Trop Med Infect Dis. 2021 Apr 5;6(2):47. doi: 10.3390/tropicalmed6020047.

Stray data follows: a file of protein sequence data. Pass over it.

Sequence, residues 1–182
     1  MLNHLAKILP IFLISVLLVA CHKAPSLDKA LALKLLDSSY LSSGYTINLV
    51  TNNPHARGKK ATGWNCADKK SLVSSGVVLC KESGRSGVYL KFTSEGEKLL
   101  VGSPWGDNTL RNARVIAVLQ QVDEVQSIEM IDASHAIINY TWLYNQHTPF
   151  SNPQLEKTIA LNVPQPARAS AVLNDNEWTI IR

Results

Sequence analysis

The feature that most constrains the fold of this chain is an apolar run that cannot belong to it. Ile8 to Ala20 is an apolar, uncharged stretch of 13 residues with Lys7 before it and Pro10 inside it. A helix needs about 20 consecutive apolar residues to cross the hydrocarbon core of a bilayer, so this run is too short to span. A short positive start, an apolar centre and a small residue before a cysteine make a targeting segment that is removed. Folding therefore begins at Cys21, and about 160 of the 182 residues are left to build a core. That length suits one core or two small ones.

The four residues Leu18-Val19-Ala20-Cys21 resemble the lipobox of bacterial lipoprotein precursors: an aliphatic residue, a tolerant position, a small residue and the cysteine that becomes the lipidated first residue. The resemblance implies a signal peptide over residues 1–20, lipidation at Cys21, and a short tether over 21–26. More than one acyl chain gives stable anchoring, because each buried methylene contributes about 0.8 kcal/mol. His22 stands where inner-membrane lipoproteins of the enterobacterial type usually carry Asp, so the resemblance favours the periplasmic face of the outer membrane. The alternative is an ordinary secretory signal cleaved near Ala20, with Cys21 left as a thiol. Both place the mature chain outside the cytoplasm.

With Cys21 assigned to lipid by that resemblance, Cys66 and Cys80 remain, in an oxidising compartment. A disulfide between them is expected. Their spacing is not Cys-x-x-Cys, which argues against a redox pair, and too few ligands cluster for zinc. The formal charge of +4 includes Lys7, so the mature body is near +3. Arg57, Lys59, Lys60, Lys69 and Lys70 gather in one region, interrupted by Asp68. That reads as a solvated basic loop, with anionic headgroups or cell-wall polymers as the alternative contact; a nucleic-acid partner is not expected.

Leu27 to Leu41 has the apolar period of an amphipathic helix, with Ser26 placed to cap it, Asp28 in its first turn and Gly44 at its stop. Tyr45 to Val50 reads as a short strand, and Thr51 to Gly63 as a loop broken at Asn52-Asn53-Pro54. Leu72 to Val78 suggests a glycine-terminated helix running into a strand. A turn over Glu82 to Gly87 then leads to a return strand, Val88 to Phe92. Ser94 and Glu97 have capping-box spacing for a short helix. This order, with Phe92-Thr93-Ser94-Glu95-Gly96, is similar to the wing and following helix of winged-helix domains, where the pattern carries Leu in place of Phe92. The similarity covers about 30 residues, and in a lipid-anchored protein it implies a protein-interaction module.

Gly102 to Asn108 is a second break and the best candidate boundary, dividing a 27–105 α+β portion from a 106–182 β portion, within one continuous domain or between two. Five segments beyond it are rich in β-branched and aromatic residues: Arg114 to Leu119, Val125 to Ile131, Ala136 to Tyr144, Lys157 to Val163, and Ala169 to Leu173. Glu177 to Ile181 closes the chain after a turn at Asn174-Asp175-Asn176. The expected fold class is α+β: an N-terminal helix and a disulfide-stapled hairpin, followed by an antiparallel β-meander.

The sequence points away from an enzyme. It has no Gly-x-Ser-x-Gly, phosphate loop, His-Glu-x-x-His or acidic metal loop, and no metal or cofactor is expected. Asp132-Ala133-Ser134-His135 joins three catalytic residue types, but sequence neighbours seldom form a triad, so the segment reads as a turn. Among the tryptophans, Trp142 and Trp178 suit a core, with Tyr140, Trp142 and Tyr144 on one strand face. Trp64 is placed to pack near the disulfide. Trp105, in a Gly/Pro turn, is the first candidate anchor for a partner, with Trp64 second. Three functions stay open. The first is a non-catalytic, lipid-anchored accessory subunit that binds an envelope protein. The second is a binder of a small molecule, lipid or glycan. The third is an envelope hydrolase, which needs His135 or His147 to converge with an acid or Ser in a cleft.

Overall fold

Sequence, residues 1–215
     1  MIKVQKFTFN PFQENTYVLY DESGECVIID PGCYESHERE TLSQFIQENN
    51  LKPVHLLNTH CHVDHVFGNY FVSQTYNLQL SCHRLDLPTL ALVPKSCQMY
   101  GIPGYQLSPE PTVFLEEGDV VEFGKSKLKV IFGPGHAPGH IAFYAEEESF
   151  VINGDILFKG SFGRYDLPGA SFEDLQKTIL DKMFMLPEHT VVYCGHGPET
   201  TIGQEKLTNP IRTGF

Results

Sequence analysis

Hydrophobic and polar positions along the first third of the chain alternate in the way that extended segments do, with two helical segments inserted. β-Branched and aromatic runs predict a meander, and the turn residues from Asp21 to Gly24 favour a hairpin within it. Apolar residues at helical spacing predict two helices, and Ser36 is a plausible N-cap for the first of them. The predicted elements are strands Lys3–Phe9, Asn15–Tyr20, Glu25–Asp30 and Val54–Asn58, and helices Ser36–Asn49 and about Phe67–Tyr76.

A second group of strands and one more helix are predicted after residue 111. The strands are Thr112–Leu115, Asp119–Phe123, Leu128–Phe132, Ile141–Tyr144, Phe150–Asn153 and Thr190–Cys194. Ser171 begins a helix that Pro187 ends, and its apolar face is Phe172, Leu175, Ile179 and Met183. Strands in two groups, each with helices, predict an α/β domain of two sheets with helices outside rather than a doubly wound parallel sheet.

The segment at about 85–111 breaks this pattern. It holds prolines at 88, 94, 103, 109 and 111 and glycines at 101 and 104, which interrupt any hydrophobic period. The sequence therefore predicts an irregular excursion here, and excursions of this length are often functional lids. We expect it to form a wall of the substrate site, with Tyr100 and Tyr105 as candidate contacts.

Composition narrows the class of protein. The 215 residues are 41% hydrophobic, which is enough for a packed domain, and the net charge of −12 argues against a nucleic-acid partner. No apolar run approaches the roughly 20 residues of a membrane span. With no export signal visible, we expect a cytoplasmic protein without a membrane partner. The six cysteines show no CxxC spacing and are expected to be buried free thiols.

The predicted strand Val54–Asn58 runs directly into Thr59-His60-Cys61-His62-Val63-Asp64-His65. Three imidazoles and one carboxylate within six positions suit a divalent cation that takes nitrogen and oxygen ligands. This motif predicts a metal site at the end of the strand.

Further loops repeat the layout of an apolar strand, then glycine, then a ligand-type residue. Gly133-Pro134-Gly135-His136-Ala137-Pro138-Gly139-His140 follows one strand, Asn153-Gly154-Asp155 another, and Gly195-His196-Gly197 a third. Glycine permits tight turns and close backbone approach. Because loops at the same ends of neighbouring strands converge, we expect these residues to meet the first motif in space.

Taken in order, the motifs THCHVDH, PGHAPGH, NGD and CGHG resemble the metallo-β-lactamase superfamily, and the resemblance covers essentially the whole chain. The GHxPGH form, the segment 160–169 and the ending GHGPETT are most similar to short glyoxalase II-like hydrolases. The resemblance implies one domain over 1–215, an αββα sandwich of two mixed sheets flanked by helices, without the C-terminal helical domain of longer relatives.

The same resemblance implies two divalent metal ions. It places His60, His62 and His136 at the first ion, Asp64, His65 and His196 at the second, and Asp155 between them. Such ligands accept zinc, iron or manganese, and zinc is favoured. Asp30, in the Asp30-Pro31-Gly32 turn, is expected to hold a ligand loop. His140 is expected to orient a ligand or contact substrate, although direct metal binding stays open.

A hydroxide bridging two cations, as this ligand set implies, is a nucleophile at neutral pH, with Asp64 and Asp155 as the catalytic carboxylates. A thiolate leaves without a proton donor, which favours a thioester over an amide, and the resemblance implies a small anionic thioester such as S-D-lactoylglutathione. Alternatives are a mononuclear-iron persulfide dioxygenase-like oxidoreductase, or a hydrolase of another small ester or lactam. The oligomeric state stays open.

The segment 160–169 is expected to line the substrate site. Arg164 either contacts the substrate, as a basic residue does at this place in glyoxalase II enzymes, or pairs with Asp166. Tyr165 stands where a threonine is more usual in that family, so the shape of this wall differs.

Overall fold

Inappropriate antibiotic use in food-producing animals is associated with the emergence and spread of antibiotic resistance. In industrial broiler poultry farms in three districts of Kathmandu valley, Nepal, we assessed antibiotic use prevalence, and their classes, types, and quantities. A cross-sectional questionnaire study involving field visits to large poultry farms (flock size ≥ 3000) of the Kathmandu, Bhaktapur, and Lalitpur districts was conducted. Of 30 farms (total flock size 104,200; range 3000-6000), prevalence of antibiotic use was 90% (95% CI: 73-98%). Six (22%) farms used antibiotics as prophylaxis, while 21 (78%) used it for therapeutics. Seven antibiotics from six classes (including quinolones, macrolides, and polymyxins) were used. The most commonly used antibiotics were tylosin (47%), colistin (47%), and dual therapies with neomycin and doxycycline (33%). A total of 50,000 grams of antibiotics (total weight including active and inactive ingredients) were used (0.5 grams/chicken/45 days of flock life) with eight (26%) farms using more than two antibiotics. No farms had records on clinical indications for prophylaxis or treatment. No post-mortem records of sick birds were available. Prevalence of antibiotic use in broiler farms of Kathmandu valley is high and includes "highest priority critically important antibiotics" for human use, with direct implications on public health.